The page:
HomeThe Journal of Historyvol. 36-37 no. 1-2 (1992)

Bikol History in Bikol Folklore: Documentary Evidences of Five Bikol Oral Traditions

Luis C. Dery

Discipline: History, Philippine History



information in their writing of Philippine history. Their hesitation was understandable. Such rigid rules of writing history like "No documents, no history" discouraged them from using oral accounts in writing about the past. Lately, however, oral accounts of folk stories have been recognized as rich sources of information which could substantially help students of history in writing and interpreting the past.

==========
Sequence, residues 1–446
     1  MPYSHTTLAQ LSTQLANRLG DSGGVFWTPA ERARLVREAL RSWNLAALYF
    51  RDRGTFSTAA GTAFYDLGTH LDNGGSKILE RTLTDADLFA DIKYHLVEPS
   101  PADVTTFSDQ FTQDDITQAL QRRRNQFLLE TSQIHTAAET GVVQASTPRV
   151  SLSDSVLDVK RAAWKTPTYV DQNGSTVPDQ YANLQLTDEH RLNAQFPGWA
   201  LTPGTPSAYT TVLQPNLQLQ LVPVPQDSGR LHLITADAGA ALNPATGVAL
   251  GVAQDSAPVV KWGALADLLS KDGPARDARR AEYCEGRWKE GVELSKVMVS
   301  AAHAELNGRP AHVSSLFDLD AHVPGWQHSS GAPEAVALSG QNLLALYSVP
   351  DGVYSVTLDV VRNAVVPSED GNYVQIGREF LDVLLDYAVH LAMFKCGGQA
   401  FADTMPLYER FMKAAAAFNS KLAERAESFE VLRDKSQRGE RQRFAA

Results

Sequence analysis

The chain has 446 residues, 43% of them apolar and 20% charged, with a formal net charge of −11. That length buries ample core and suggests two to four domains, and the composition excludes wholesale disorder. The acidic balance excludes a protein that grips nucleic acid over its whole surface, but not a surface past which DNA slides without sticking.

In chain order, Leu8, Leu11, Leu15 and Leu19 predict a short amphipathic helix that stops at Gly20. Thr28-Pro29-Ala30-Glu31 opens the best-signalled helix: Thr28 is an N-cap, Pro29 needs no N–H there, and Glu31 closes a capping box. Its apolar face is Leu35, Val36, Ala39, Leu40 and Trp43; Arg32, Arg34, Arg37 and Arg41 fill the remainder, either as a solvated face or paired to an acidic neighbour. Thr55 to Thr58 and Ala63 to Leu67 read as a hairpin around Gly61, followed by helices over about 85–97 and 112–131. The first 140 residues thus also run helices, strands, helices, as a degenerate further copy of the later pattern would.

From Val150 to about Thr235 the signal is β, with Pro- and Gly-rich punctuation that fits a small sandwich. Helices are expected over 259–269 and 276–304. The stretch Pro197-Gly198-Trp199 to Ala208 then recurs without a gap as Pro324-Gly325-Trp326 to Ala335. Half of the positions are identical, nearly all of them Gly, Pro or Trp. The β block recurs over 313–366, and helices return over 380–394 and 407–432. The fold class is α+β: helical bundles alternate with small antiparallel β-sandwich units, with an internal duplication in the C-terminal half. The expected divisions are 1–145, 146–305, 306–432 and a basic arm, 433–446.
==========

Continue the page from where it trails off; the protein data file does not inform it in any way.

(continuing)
Folk stories or oral traditions are one of the sources of the traditional knowledge of the people. And the Bikol region is one area rich in folklore which, if scrutinized, is a mine of information showing many aspects about Bikol history and culture. This paper shall focus on five Bikol oral accounts- The Escandor Family's Story About Don Pedro Manook, The Legend of Doña Maria Uray, Tbe Lakandulas of Sorsogon, The Legend of the Giant, Man-eating Mampak Bird and The Historic Don Pedro Estevan, which are supported by available documentary evidence. It shall endeavor to substantiate the linkages between folklore and history- i.e-  that with the passage of time what was once a historical fact becomes folklore- existing largely in the memories of the people owing to the loss or destruction o f material evidence substantiating that such folk stories were once upon a time historical fact. Fortunately for these five Bikol lores, there is archival evidence available to support  the idea that they occurred and were historically true.

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